State’s values and people of faith

 

Sir, – Brian Grogan SJ writes (June 12th): “What’s left, then, after the referendum, is a church shorn of outmoded accretions, whose members are freed to live out the Good News of Jesus Christ in the power of the Holy Spirit. That is more than enough!”

This would be enough, if, in Ireland, as is the case throughout most of the developed world, the exercise of religion was a voluntary activity, in which one could participate, or not, according to one’s belief.

But sadly, in Ireland, the Catholic Church is clinging to its “accretions”, including schools and hospitals, like grim death, despite the clear evidence that the people no longer believe, or practice, the type of Catholicism propagated by the Catholic Church in the institutions it controls.

The abortion referendum shows that two out of three Irish people reject Catholic beliefs on reproduction and that this has been coming for some time. But still the Catholic Church clings on to its “outmoded accretions” in medicine.

Public patients have little or no say regarding which hospital they will be treated in. They can neither opt in or opt out of being treated in a Catholic hospital.

So why, for instance, should we pay for “ethics committees” in so many of our publicly funded hospitals, when the principal purpose of these ethics committees is to enforce Catholic beliefs , primarily in reproductive medicine and principally on women – the majority of whom we now know do not share those beliefs? Why should a nun, simply because she is a nun, in a publicly-funded hospital, be empowered to deny the mother of a large family a tubal ligation?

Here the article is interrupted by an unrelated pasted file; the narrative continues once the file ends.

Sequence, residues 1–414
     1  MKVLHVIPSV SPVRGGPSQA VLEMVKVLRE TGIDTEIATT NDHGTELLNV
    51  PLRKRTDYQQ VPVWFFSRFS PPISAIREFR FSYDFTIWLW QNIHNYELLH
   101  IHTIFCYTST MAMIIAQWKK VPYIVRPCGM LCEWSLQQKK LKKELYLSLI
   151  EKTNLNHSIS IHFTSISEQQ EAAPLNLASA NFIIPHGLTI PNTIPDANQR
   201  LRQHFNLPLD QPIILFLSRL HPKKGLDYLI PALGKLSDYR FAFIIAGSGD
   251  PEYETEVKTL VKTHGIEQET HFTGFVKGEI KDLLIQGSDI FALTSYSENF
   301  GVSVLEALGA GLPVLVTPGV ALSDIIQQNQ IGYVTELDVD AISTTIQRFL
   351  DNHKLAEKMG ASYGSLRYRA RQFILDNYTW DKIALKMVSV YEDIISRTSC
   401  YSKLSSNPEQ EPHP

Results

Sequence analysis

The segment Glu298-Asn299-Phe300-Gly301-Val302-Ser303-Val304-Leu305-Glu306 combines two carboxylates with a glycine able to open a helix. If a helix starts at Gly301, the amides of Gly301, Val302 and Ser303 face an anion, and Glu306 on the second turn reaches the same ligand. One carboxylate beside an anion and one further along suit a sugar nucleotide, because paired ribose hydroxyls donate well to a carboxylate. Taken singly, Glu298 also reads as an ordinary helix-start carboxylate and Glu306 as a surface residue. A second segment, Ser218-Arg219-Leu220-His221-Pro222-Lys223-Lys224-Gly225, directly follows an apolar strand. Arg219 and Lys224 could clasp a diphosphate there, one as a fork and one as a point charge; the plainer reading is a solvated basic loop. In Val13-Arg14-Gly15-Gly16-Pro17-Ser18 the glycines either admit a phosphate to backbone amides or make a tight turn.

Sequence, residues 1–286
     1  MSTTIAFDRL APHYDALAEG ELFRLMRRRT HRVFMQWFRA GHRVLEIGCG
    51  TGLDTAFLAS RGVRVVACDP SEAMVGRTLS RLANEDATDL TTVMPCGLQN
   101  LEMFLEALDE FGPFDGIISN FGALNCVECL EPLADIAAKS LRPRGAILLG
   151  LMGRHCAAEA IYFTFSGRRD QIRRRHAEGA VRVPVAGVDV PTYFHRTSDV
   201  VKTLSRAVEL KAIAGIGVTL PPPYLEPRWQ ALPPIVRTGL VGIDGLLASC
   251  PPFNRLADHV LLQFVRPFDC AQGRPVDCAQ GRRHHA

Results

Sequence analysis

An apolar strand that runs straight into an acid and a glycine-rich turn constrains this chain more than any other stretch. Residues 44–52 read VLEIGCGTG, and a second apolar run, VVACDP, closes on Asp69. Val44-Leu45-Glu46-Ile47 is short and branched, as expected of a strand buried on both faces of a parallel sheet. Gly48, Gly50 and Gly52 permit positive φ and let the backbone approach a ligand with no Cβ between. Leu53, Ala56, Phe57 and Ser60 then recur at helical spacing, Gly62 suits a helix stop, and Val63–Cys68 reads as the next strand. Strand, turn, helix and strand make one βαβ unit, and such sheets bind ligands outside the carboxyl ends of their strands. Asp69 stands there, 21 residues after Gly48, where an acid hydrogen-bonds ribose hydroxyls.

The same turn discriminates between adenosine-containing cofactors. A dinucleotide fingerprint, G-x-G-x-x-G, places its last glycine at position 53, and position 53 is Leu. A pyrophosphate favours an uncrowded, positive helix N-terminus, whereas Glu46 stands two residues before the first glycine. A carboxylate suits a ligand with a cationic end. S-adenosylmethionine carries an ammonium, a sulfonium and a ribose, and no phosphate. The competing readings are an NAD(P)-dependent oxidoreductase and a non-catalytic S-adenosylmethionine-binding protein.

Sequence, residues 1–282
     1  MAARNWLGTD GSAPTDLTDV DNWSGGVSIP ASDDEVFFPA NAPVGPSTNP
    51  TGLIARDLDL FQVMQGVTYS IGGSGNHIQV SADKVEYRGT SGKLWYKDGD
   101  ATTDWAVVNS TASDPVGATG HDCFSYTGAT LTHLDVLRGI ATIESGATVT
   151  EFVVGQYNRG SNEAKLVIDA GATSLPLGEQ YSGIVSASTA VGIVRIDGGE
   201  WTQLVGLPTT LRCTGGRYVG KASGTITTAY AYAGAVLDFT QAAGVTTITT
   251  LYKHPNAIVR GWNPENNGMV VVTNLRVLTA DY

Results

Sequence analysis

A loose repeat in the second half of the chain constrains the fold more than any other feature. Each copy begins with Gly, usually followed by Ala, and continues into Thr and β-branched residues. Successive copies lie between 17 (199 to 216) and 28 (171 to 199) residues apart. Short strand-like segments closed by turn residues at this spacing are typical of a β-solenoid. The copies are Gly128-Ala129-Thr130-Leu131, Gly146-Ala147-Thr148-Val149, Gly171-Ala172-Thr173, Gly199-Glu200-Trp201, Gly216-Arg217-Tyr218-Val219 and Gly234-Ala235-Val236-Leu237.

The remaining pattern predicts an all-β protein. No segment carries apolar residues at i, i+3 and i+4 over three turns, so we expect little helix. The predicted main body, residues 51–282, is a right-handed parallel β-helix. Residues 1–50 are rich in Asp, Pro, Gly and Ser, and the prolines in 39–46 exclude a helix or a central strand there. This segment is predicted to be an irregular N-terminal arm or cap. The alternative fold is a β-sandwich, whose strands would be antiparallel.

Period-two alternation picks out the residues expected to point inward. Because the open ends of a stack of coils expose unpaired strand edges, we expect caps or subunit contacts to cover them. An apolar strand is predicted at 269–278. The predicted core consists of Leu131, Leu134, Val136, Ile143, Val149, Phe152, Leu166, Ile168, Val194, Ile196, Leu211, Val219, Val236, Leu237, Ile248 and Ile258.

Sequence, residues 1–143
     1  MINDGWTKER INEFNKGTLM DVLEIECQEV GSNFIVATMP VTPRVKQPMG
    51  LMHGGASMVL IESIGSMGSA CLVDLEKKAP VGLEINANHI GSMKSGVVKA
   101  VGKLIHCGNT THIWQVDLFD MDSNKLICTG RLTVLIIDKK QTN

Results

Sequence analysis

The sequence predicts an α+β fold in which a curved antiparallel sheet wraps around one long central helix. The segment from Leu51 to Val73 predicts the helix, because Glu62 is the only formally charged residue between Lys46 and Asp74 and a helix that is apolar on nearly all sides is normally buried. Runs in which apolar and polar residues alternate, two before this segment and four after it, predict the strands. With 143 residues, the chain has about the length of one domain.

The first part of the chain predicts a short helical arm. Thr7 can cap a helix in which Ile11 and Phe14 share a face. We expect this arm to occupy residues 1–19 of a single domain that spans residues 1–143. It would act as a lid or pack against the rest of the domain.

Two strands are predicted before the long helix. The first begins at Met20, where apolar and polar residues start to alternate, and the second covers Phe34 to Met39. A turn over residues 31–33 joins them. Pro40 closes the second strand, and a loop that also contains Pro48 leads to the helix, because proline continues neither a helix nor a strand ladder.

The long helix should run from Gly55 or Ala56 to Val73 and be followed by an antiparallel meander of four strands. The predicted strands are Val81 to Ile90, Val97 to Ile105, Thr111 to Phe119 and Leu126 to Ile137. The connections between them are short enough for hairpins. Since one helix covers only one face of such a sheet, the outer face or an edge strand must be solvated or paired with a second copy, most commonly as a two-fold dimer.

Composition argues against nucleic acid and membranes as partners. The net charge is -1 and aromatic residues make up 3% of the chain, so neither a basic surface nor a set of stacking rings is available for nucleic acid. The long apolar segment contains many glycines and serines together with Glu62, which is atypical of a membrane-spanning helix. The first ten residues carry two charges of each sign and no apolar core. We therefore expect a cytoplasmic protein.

Fr Grogan writes: “As Pope Francis points out, the task of the church is “to inform consciences, not replace them”.

So when will those who control Catholic hospitals cease to impose a Catholic ethos on those who, in conscience, do not agree with it?

More importantly, when will influential religious orders like the Jesuits call on their brother and sister orders to cease imposing their beliefs on those who do not, in conscience, share them?

Fr Grogan is very fortunate. His constitutional right to exercise his religious belief is facilitated by the State at every hand’s turn.

On the other hand, those of us who believe we have a constitutional right to be free from religion in our daily lives, and particularly in services provided by the State, are not so lucky. – Yours, etc,

ANTHONY O’LEARY,

Portmarnock,

Co Dublin.